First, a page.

It was a cold, windy day in Buffalo, but that did not stop over 80 protestors who then marched around Niagara Square, Buffalo City Hall looming large, chanting slogans like, “Women, Life, Freedom,” “Justice for Iran” and “What solution? Revolution!”
The march was organized by Buffalo Iranians to protest the long-standing injustices that the Iranian government has inflicted on its citizens.
Buffalo’s protest comes alongside rallies in Iran and across the world in response to the killing of Mahsa Amini, a 22-year-old Iranian woman who was taken into custody by Iran’s “morality police.” She was taken to the hospital in a coma and died under suspicious circumstances last month, according to The Guardian. Amini was arrested for wearing her hijab too loosely.
Iranian officials say that Amini died of a heart attack from a pre-existing condition. Her family disputes this, saying that her body was covered with bruises. Prior to the rally, protestors displayed signs on the McKinley monument that read, “We stand in solidarity with Iranian women youth,” “Say her name Mahsa Amini” and “Scream, so that one day, a hundred years from now, another sister will not have to dry her tears wondering where in history she lost her voice.”
When the protest’s leaders spoke about their experiences and why they advocate for reform to the Iranian government, Armeeta Hajikandi, a recent UB graduate, and her Aunt Maryam began to hug each other, tears flowing down their faces.
“My aunt was born and raised in Iran,” Hajinkandi said. “I was the first generation born in America, so I didn’t grow up in that struggle, but I saw my family and the protests as I was growing older... There was a protest when they were talking about ‘Where’s my vote?’ and [people] were throwing acid into the crowds, and nobody did anything. There was no media coverage.”
The protest was more personal for Kasra Borazjani, a PhD student in the Department of Electrical Engineering, who moved to the U.S. four weeks before the protest. He said some of his friends, students at the Sharif University of Technology, were detained by police and the Basiji, a plain-clothes militia, in a siege of the campus during student protests.
Students were surrounded for “about seven to eight hours.” Many were shot with paintball bullets and taken into custody. If students tried to leave the premises, they were arrested and taken to an undisclosed location. Borazjani says that when students at other universities protested the incident, their campuses were also sieged.
“Just think what would happen if the U.S. attacked Harvard like this,” Borazjani said. “What would any U.S. citizen feel like? This is what each Iranian has to go through each and every day. The frustration, the pain, the anger. And no one knows how to deal with this.”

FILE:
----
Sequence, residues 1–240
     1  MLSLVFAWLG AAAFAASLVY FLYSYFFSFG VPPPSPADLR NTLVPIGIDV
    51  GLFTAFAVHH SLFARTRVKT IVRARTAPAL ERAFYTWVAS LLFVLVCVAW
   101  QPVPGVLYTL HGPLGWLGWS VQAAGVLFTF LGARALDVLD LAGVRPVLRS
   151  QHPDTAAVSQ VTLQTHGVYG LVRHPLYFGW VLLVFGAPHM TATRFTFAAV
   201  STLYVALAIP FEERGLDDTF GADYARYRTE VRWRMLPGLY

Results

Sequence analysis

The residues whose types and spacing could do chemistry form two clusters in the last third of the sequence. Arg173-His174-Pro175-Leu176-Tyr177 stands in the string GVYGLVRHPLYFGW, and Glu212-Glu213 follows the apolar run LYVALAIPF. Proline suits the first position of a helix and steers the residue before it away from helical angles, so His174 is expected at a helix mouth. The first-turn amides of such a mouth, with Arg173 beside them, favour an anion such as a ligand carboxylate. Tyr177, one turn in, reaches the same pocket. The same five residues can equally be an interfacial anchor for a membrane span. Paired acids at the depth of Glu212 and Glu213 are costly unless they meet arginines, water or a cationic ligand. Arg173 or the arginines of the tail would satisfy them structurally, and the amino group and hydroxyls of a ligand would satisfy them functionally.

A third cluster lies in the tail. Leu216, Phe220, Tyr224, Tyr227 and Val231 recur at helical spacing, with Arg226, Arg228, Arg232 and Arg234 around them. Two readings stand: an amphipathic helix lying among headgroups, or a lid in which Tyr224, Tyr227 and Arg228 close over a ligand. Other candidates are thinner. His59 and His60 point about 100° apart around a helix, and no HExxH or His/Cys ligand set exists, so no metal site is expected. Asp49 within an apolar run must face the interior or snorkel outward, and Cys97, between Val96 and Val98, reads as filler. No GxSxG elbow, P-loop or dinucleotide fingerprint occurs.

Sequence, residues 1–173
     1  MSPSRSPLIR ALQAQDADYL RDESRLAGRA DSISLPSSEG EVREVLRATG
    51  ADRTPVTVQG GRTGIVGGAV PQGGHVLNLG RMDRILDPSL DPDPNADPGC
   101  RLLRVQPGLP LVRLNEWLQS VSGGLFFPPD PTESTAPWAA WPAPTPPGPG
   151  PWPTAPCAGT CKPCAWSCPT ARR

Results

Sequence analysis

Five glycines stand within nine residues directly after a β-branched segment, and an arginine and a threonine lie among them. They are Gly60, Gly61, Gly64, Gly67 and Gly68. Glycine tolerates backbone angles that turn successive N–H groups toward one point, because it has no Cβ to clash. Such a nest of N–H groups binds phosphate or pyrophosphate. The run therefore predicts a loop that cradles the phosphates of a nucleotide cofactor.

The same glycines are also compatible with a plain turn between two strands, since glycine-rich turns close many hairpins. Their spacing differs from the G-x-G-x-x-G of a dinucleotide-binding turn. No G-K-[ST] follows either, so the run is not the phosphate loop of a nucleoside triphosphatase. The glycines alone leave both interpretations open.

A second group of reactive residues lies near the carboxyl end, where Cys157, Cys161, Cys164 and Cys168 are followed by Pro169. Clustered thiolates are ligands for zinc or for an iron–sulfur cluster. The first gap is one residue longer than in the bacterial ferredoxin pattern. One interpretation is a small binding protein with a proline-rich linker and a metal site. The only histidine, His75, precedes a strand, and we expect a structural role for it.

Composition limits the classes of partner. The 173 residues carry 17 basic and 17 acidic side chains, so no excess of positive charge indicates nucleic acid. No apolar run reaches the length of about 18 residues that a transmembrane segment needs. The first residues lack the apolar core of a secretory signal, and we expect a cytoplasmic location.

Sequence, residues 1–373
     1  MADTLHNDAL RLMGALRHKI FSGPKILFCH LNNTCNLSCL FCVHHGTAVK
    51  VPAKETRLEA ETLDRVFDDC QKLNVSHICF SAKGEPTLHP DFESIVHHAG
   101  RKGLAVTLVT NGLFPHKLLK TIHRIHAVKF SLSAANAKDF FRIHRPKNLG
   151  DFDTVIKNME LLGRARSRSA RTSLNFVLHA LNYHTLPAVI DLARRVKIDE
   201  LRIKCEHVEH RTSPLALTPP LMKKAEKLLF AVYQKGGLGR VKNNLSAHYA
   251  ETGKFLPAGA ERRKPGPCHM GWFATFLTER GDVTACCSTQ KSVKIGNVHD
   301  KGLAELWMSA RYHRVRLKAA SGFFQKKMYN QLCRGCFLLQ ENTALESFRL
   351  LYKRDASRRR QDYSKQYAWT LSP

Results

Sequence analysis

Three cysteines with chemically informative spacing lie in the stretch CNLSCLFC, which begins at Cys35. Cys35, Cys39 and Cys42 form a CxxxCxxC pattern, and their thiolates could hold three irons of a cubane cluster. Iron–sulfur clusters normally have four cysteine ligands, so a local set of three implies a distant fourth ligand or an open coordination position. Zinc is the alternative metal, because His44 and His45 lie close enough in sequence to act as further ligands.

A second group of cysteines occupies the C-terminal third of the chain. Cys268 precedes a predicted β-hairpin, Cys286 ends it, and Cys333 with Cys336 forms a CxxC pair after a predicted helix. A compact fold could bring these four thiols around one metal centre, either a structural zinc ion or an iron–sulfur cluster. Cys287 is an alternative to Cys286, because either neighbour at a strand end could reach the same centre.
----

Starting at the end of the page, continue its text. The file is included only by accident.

While the right to protest is protected and guaranteed for U.S. citizens, that’s not the case for Iran. Borazjani thinks it should be.
“The students, every human being in Iran, should have that right and should not be killed, should not be injured, should not be attacked by guns, just for protesting,” Borazjani said.
This is a familiar fight for UB alum Nadia Sharam, who co-led the protest. Sharam came to the U.S. as a student from Iran, eventually receiving her law degree from UB. She now works as a private attorney and a local activist.
Reflecting back on her experience as a student, Sharam encourages current student leaders to be aware of their freedoms and know who is responsible for putting them in the positions to have such freedoms.
“Sometimes I think the younger generation does not understand how hard our grandparents, especially our grandmothers, have worked to bring us the freedom that we take for granted now,” she said. “I want the generation of my daughters to know that sitting on the sidelines is not an option if we want democracy. If we are not careful, it will be taken away from us in a heartbeat. Until 1979, Iran was a socially democratic country. For the last four decades and shortly after the 1979 revolution, rights were taken away, especially from Iranian women, from our sisters.”
Iranian women and girls have, in many cases, led protests against the Iranian government and Iran’s leader, Ayatollah Ali Khamenei. Some have even burned their hijabs in the street in protest, according to CNN.
But Saturday’s protestors say their fight goes beyond rights for their family and friends in Iran. It’s also a global fight for human rights, democracy and equity.
“It’s not about Islam, it’s not about religion, it’s not even about women alone, it’s human rights,” Hajikandi said. “If you have humanity you would do something about it.”
Morgan S.T. Ross is an assistant news/features and can be reached at firstname.lastname@example.org
A.J. Franklin is an assistant features editor and can be reached at email@example.com
Morgan Ross is an assistant news/features editor.